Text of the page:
Everyone thinks that breastfeeding comes naturally. But for infants born prematurely or who are ill at birth, that often isn’t the case. Some babies, even healthy ones, just plain struggle with the mechanics of suckling, becoming more frantic by the hour as their anxious moms try desperately to feed them. That’s why it’s good to learn as much about breastfeeding as you can before the baby gets here.
One way is to take a class at your hospital or birth center or visit the Web sites of groups that advocate breastfeeding and also offer educational tools. The more information you have before you begin, the more confident you’ll feel about breastfeeding once you start. Remember that comfort and relaxation are two keys to successful breastfeeding.
What does a “good latch” mean?
Getting your baby to latch on properly is one of the most important things you can do during the early days of breastfeeding. It’s essential for at least two reasons: It will help prevent sore nipples, and it will ensure that your baby gets enough milk.
Here’s how to do it:
Hold your breast with your free hand, with your thumb above and the rest of your fingers below your nipple and just behind the areola (your thumb and index finger should form a “C” around your nipple). Gently touch your baby’s lips with your nipple. When she opens her mouth, center your nipple in her mouth and draw her closer to you. Hold your breast until you’re sure she’s latched on — she should have your entire nipple and an inch of your areola in her mouth.
What is the best position for breastfeeding?
There’s no one position that works for everyone. You may spend several hours each day nursing your baby during the early months, so you’ll want to experiment until you find the position or positions — that work best for you. Here are a few of the most common:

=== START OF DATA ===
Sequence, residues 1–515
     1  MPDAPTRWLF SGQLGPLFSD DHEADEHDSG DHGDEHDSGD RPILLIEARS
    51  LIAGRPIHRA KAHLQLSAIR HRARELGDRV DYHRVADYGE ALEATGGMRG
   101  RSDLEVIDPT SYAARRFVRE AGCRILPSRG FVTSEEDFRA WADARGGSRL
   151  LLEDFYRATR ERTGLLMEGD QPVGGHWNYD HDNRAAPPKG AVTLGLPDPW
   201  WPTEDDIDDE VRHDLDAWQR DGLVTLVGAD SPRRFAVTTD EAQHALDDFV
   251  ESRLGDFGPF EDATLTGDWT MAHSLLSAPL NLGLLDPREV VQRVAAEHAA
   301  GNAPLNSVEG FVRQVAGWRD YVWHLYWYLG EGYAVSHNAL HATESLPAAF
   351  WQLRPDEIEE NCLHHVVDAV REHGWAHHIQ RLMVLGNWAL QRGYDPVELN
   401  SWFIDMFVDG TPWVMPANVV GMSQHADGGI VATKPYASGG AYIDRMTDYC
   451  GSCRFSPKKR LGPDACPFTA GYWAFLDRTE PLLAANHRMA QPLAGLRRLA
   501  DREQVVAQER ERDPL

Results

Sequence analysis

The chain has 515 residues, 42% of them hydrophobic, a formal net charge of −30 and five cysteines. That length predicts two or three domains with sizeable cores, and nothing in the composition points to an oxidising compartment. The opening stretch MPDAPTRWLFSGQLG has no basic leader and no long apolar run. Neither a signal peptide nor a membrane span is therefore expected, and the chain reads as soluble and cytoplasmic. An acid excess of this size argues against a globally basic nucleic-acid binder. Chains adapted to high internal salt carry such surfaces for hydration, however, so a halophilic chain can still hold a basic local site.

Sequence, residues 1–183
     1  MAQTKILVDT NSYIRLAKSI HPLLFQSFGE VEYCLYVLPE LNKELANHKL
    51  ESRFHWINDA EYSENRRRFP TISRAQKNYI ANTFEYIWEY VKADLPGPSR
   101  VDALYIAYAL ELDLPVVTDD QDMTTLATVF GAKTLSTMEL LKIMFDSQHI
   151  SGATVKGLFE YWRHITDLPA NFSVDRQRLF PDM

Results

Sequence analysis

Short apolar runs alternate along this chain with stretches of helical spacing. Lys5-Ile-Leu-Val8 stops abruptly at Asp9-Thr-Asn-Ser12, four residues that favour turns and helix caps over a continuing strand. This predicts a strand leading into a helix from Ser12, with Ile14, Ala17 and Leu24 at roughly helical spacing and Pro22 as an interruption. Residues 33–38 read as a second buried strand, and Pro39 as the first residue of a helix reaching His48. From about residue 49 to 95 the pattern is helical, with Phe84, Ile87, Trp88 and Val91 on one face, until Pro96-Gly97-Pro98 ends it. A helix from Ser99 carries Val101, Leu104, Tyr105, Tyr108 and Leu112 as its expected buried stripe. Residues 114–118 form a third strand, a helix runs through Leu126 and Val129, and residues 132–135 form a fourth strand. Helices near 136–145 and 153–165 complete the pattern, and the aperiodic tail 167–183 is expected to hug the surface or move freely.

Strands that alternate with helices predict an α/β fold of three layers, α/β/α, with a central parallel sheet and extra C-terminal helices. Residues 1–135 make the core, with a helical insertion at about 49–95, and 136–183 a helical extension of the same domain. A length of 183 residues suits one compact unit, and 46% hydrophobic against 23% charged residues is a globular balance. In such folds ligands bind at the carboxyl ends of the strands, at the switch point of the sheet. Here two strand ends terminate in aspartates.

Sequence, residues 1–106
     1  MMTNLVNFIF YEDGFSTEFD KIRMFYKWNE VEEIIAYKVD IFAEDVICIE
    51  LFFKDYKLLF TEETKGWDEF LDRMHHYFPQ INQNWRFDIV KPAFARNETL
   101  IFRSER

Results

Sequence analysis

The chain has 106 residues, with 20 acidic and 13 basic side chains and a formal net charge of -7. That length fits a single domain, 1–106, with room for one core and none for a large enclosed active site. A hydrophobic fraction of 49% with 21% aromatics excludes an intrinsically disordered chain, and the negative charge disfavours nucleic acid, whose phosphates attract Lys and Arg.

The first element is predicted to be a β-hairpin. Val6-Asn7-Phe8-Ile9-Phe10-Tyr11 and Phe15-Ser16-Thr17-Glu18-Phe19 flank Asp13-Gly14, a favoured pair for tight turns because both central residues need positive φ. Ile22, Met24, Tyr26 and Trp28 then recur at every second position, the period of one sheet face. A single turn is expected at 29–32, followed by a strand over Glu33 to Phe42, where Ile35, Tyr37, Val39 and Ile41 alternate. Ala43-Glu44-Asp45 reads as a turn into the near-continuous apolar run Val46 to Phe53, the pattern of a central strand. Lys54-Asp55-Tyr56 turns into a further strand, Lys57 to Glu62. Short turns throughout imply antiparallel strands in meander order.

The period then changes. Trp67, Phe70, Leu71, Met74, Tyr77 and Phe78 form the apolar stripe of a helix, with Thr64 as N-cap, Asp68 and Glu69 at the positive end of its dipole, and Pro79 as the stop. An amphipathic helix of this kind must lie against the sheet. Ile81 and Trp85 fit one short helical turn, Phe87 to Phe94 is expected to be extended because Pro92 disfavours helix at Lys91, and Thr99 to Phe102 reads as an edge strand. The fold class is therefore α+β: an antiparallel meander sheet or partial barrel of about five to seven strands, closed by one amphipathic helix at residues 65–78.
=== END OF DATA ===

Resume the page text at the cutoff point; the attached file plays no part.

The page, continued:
The cradle hold. Sit in a chair with armrests or stack several pillows under your arms. To take the pressure off your lower back, rest your feet on a footstool or ottoman. Hold your baby on your lap so she’s lying on her side, with her face and tummy facing you. Tuck her bottom arm under your arm and gently move her so she’s resting on your forearm. Your hand should support her back and bottom. Line her nose and mouth up with your nipple. Encourage your baby to latch on as described above.
The football hold. This position works well if you had a cesarean section. Sit in bed (or a comfortable armchair) and wedge a pillow behind your back; place another on your lap. Position your baby next to you on the side you are nursing from, cupping the back of her neck in the same hand. Position her legs so they are tucked between your arm and your side, toward the back of the bed.
Side-lying hold. This is an ideal position for nursing in bed, either during nighttime feedings, or if you’ve had a cesarean or episiotomy and sitting up is uncomfortable. Place one or two pillows under your head. Place your baby on her side so she faces you, cradle her in your arm, and position her so her mouth is directly in front of your nipple. Pull baby in close to you and follow the latch-on technique.
Where can I get breastfeeding information?
Talk to other nursing moms. Attend a La Leche League International meeting (LLLI) to meet women who are committed to breastfeeding and can talk about its joys and difficulties. La Leche League’s members include both lactation experts and experienced nursing moms. It’s a great place to make new friends. There’s a LLLI chapter in virtually every city in the United States, and the monthly meetings are free.
Check out online resources. The Nursing Mothers Counsel (NMC) has one of the most comprehensive Web sites. An index includes links to dozens of breastfeeding sites, from personal Web pages to the World Health Organization site. The latter includes the latest research about the benefits of breastfeeding.
Talk to a lactation expert. A board-certified lactation consultant is part health care professional and part friend. Lactation consultants provide you with the practical advice and techniques that you need to breastfeed successfully. If you have a premature baby or one with special needs, their help may be invaluable. Many health insurance companies pay for one or more consultations, or your local hospital may offer a free consultation a lactation expert or a free class.
La Leche League International. Check out www.laleche.org or look in your white pages to find out where local meetings are held, or call the helpline at (800) 525-3243.
The Nursing Mothers Counsel: http://www.nursingmothers.org/index.html to find a local chapter.
To find a lactation consultant in your area, ask your midwife or doctor for a referral, or visit the International Lactation Consultant Association’s site at http://www.ilca.org.
Last Updated: March 11, 2015